Add a private key corresponding to one of the public keys specified in ssh_pubkeys to your ssh-agent:

ssh-add ~/.ssh/id_rsa
ssh-add -L

Run the following command to create the cluster:

lokoctl cluster apply

Once the command finishes, your Lokomotive cluster details are stored in the path you’ve specified under asset_dir.


A successful installation results in the output:

module.aws-myawscluster.null_resource.bootkube-start: Still creating... [1m50s elapsed]
module.aws-myawscluster.null_resource.bootkube-start: Still creating... [2m0s elapsed]
module.aws-myawscluster.null_resource.bootkube-start: Creation complete after 2m6s [id=5156996152315868880]

Apply complete! Resources: 118 added, 0 changed, 0 destroyed.

Your configurations are stored in /home/imran/lokoctl-assets/myawscluster

Now checking health and readiness of the cluster nodes ...

Node              Ready    Reason          Message

ip-10-0-39-75     True     KubeletReady    kubelet is posting ready status
ip-10-0-39-78     True     KubeletReady    kubelet is posting ready status
ip-10-0-39-29     True     KubeletReady    kubelet is posting ready status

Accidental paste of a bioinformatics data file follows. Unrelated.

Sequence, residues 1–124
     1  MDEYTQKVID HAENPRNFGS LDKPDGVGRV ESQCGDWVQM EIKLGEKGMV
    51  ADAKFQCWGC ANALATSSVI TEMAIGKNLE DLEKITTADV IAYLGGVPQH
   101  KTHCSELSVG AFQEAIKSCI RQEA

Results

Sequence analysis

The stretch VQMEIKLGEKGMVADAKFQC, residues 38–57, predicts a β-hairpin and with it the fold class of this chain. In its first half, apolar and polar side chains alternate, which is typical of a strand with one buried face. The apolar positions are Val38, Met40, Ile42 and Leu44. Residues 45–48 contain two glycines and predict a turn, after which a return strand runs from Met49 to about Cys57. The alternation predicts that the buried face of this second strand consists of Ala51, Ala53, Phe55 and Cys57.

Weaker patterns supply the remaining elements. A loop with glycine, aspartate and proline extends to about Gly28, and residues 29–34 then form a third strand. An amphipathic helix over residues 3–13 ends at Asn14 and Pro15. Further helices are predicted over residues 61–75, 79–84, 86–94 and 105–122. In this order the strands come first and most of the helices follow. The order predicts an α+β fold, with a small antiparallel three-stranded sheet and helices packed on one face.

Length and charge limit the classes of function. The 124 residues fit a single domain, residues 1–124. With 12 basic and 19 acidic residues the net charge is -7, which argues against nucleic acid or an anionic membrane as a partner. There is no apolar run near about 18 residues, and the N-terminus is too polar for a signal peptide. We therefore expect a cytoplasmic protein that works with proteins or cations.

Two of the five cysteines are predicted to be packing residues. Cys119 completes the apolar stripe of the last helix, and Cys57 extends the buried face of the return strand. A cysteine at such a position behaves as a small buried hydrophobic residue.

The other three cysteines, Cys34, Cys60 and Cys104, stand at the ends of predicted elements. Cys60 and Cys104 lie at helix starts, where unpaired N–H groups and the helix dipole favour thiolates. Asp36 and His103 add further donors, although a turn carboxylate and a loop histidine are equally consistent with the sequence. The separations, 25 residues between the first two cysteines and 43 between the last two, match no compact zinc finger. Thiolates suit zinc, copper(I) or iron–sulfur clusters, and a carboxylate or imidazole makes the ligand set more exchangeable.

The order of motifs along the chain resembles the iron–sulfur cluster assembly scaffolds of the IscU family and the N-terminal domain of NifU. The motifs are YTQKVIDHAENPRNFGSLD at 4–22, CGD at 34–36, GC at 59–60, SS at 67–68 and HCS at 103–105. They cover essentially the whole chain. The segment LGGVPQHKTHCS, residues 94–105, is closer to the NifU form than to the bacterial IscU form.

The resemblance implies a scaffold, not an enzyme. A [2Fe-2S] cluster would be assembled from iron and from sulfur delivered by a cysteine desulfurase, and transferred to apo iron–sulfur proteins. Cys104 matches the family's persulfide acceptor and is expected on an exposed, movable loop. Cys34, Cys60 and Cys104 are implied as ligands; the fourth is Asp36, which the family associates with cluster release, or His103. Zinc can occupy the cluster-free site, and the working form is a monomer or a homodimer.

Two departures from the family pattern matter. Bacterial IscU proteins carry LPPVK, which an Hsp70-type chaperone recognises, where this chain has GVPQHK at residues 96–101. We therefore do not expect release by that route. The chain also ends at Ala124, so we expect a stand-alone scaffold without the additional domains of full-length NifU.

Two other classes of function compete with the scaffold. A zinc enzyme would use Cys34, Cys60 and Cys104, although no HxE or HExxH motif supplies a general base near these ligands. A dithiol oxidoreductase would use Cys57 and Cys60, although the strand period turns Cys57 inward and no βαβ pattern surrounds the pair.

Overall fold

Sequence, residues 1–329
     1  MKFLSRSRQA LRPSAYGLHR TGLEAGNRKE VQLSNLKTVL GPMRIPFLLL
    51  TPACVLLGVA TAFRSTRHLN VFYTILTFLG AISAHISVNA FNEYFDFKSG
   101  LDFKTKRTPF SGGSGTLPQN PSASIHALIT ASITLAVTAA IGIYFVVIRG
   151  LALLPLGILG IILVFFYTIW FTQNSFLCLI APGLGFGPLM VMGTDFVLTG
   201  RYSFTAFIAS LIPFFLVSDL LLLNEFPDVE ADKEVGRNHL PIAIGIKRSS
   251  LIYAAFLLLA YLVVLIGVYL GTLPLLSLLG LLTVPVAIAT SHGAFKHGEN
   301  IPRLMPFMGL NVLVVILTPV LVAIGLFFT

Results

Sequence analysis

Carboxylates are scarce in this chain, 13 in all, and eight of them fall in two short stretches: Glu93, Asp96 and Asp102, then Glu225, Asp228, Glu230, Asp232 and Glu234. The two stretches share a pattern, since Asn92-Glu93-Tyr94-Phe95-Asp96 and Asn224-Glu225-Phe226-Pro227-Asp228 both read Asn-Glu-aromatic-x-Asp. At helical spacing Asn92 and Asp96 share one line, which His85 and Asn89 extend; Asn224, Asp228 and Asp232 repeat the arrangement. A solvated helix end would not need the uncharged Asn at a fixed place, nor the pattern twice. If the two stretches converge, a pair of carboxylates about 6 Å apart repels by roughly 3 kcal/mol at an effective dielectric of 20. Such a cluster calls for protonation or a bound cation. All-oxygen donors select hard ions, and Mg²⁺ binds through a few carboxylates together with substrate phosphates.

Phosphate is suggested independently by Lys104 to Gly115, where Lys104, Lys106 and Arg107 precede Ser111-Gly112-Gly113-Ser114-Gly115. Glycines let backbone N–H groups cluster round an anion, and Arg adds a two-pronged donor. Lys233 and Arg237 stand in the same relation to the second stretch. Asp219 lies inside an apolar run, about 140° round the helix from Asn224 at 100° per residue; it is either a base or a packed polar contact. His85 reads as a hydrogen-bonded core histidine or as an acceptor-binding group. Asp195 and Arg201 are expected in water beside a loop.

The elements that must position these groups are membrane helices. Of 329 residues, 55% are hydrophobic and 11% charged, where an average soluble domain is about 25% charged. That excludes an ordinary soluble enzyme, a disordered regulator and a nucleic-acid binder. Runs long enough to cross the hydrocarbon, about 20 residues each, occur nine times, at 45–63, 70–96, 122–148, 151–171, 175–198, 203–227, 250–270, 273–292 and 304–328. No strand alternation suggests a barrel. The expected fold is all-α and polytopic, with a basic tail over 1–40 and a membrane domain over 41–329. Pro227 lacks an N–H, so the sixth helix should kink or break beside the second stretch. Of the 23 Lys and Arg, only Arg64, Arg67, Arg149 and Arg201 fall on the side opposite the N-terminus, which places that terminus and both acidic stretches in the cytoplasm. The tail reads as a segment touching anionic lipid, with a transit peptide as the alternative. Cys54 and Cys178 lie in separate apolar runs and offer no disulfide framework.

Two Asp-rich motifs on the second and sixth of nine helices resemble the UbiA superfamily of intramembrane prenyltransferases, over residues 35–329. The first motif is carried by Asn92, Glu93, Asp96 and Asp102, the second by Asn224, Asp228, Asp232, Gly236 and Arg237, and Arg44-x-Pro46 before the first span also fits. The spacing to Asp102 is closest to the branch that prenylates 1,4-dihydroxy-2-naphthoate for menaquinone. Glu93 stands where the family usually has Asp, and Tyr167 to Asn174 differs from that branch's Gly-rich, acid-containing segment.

ip-10-0-12-241    True     KubeletReady    kubelet is posting ready status
ip-10-0-12-244    True     KubeletReady    kubelet is posting ready status
ip-10-0-12-249    True     KubeletReady    kubelet is posting ready status

Success - cluster is healthy and nodes are ready!

Use the generated kubeconfig file to access the Kubernetes cluster and list nodes.

export KUBECONFIG=./lokomotive-assets/cluster-assets/auth/kubeconfig
kubectl get nodes

Using the cluster

At this point you have access to the Kubernetes cluster and can use it! If you don’t have Kubernetes experience you can check out the Kubernetes Basics official documentation to learn about its usage.

Note: Lokomotive sets up a pretty restrictive Pod Security Policy that disallows running containers as root by default, check the Pod Security Policy documentation for more details.


To destroy the Lokomotive cluster, execute the following command:

lokoctl cluster destroy --confirm

You can safely delete the working directory created for this quickstart guide if you no longer require it.


Stuck At Copy Controller Secrets

If there is an execution error or no progress beyond the output provided below:

module.aws-myawscluster.null_resource.copy-controller-secrets: Still creating... (8m30s elapsed)
module.aws-myawscluster.null_resource.copy-controller-secrets: Still creating... (8m40s elapsed)

The error probably happens because the ssh_pubkeys provided in the configuration is missing in the ssh-agent.

To rectify the error, you need to:

  1. Follow the steps to add the SSH key to the ssh-agent .
  2. Retry Step 5 .

IAM Permission Issues


After walking through this guide, you’ve learned how to set up a Lokomotive cluster on AWS.

Next steps

You can now start deploying your workloads on the cluster.

For more information on installing supported Lokomotive components, you can visit the component configuration references .